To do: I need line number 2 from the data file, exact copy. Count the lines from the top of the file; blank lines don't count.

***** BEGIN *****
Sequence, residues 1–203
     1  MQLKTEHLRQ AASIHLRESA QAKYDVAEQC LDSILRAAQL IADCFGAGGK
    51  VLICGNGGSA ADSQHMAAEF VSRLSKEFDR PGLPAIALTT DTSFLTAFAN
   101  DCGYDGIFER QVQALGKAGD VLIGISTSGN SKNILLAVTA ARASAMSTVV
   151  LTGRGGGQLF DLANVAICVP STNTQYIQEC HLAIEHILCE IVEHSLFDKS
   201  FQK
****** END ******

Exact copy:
     1  MQLKTEHLRQ AASIHLRESA QAKYDVAEQC LDSILRAAQL IADCFGAGGK